Northeastern 2025 will take advantage of technology to connect more quickly with professional networks across industries in real time. This will enable the university to make education, including our liberal arts curriculum, more responsive, with classroom and experiential learning tailored to the demands of an ever-evolving world, a requisite for professional resilience.
The liberal arts curriculum is singled out as being in need of "enhancement" through technology that will make it more able to 'keep in step' with the demands of modern (post-modern? post-post-modern?) life.
Curiously (or perhaps not so curiosly), the implication that the liberal arts curriculum in particular is in need of being "tailored to the demands of an ever-evolving world" is in sharp contrast with Harvard President Faust's depiction of the liberal arts (quoted earlier) as "[t]he art of the possible." Faust seems to be arguing that the liberal arts are always already able to perpare students for "professional resilience."
So the revision of the "Essence" statement has given me new directions for inquiry, both in terms of the immediate context of Northeastern and in a more general "boundary-less" context of twenty-first century higher education. In lieu of a conclusion, I'll raise three points that might be worth considering or investigating further in the future:
  • The role of the humanities at a career- or professional-oriented university. If the “liberal arts” are not part of the school’s professed identity (essence), where do they belong? (I confess that right now I’m equating the liberal arts with the humanities, which is not exactly right. But I’ll try to figure that out in a future project.) In what way are they necessary, and (going back to something I was writing before the Great Essence Deletion of 9/27/16) in what way are actual departments of English, languages, philosophy, etc., necessary as independent academic units in such a university? Perhaps one thing that we could imagine is that the school could combine them into some sort of interdisciplinary “department” or teaching and research unit. Removins such disciplinary divisions would also be in tune with the academic plan's theme of "boundaryless-ness." I have my concerns about such an idea from an institutional and political (institutional political) standpoint because I’ve had experience with working in teaching units that are underfunded and overworked and generally made second-class citizens of the institution. However, there might also be something to be said for, say, a humanities unit or a liberal arts unit that would be properly funded and respected and would not necessarily depend for its existence on educating majors or graduate students in its program. I wonder how that might work and what the practical effects of that would be. Where might we find positive and inspiring models of such programs?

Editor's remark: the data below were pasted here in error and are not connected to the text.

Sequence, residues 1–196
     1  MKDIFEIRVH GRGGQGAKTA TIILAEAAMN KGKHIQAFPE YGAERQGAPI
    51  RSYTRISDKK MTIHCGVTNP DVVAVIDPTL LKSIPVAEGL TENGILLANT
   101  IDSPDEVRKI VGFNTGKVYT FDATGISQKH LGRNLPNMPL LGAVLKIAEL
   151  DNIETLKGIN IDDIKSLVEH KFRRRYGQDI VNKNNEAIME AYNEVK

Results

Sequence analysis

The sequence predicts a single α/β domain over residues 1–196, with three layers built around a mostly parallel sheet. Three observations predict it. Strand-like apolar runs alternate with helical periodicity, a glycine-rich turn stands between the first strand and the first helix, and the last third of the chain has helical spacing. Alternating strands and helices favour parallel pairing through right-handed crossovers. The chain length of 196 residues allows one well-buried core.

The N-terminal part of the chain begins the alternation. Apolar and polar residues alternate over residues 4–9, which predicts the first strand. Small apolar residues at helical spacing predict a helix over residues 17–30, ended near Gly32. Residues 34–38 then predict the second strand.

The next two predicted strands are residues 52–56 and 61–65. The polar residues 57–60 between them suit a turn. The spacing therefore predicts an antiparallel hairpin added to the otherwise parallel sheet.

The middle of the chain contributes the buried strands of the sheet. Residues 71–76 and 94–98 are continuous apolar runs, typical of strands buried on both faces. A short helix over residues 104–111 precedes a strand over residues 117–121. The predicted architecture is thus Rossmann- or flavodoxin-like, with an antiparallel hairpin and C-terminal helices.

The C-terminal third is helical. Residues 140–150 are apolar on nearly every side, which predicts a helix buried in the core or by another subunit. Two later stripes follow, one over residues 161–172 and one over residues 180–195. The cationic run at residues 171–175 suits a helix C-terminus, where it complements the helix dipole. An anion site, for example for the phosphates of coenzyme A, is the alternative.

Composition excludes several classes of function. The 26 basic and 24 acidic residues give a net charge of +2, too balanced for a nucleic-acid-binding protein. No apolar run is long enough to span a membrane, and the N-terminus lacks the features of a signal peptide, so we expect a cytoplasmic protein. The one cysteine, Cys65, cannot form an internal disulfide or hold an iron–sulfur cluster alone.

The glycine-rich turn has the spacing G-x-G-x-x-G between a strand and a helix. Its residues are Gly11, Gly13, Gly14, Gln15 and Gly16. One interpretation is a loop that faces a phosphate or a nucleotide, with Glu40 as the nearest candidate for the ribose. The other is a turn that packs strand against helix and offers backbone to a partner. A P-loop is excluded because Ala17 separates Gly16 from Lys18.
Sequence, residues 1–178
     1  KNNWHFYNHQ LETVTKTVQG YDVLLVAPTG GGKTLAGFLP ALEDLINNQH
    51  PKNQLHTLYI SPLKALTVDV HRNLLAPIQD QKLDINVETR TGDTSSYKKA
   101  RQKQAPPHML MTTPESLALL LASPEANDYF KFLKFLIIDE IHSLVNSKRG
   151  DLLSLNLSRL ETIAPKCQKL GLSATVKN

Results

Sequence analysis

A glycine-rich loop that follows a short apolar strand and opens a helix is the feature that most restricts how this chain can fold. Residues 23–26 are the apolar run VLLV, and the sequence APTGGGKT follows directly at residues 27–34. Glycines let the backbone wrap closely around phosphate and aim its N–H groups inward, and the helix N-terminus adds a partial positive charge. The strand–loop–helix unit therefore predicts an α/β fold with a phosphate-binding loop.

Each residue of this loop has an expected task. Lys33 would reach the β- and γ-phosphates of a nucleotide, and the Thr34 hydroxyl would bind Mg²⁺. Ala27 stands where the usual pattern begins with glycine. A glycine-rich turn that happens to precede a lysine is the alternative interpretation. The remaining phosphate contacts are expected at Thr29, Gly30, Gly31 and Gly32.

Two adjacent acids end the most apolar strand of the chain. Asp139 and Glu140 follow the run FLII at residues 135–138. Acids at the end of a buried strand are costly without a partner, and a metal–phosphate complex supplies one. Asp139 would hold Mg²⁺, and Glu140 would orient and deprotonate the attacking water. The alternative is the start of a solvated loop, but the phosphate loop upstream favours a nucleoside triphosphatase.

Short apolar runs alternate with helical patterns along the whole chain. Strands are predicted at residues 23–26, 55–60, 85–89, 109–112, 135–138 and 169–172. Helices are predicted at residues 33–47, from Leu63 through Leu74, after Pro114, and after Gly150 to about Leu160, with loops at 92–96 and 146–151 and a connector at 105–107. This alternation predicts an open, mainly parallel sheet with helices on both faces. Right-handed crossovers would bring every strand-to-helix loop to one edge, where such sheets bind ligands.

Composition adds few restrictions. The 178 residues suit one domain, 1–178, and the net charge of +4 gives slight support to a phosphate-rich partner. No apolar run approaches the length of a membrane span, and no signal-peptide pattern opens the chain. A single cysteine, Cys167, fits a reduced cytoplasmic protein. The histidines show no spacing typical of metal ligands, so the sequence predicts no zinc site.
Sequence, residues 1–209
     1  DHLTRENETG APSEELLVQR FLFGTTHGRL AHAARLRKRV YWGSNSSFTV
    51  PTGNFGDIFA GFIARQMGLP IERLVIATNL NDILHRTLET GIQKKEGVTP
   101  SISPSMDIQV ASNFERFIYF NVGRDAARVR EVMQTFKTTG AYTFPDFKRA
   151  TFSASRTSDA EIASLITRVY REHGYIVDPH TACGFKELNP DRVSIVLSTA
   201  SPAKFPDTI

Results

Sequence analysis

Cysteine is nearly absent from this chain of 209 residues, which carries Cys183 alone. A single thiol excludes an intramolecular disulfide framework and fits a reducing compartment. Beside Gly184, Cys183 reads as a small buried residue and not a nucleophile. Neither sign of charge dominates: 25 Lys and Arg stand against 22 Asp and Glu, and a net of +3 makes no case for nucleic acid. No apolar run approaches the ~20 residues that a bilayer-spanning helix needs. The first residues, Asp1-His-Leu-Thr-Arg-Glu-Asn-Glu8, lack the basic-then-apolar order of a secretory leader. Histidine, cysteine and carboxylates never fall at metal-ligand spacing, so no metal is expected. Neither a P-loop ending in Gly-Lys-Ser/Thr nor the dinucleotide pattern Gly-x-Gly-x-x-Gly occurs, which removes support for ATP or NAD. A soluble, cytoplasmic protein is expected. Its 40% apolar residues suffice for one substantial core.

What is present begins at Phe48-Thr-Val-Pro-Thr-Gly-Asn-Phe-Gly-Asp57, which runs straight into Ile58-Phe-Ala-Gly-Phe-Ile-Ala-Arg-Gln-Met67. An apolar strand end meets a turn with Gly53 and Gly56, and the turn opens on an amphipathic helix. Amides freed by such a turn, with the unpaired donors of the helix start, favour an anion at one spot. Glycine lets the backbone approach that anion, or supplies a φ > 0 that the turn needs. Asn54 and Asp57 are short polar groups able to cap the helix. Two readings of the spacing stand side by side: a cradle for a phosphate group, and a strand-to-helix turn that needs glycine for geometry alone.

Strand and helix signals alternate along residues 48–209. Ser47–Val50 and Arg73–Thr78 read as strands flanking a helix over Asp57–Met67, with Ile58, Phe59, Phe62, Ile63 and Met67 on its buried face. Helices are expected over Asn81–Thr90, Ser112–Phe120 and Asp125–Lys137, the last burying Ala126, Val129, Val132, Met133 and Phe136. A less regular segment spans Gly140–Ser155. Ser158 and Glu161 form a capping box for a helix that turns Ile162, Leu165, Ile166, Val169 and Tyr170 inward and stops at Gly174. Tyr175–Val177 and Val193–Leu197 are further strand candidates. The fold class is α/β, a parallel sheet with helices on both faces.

• Related to this is the fact that I don’t really know what the “liberal arts curriculum” at NU is. I know there’s an NU Core (CORE?) of courses that students can choose from for what I’m guessing is basically a gen. ed. requirement. First Year Writing is one of those courses, of course (which places me in the liberal arts curriculum?). I need to find out more about what this CORE is and how it might be characterized as a liberal arts curriculum. I also could find out more about how it is taught to see if there is a reason it is singled out as being in need to the kind of attention it is given in terms of keeping up-to-date with our fast-moving global society.
  • In all this, I would need to move beyond anecdotal evidence. I know from my own experience, for instance, that I haven’t had that many liberal arts majors in either my FYW courses or my AWD courses (depending on how you define “liberal arts,” of course). I also know that a colleague of mine taught the “Advanced Writing for the Humanities” course last year that is supposed to cater to the needs of majors in the humanities. If I remember correctly, not one of the students in the class was a humanities major. What that means, I don’t know—that students pick courses based on the schedule? That there aren’t that many humanities majors at NU? That humanities majors take courses other than that course for whatever reason? So anecdotes only take you so far in trying to figure out something as complex as this.
Works Cited

"Academic Plan: Northeastern 2025." Northeastern 2025. Accessed 28 Sept. 2016.
Aoun, Joseph E. "A Complete Education." Inside Higher Ed. 20 Apr. 2015. Accessed 28 Sept. 2016.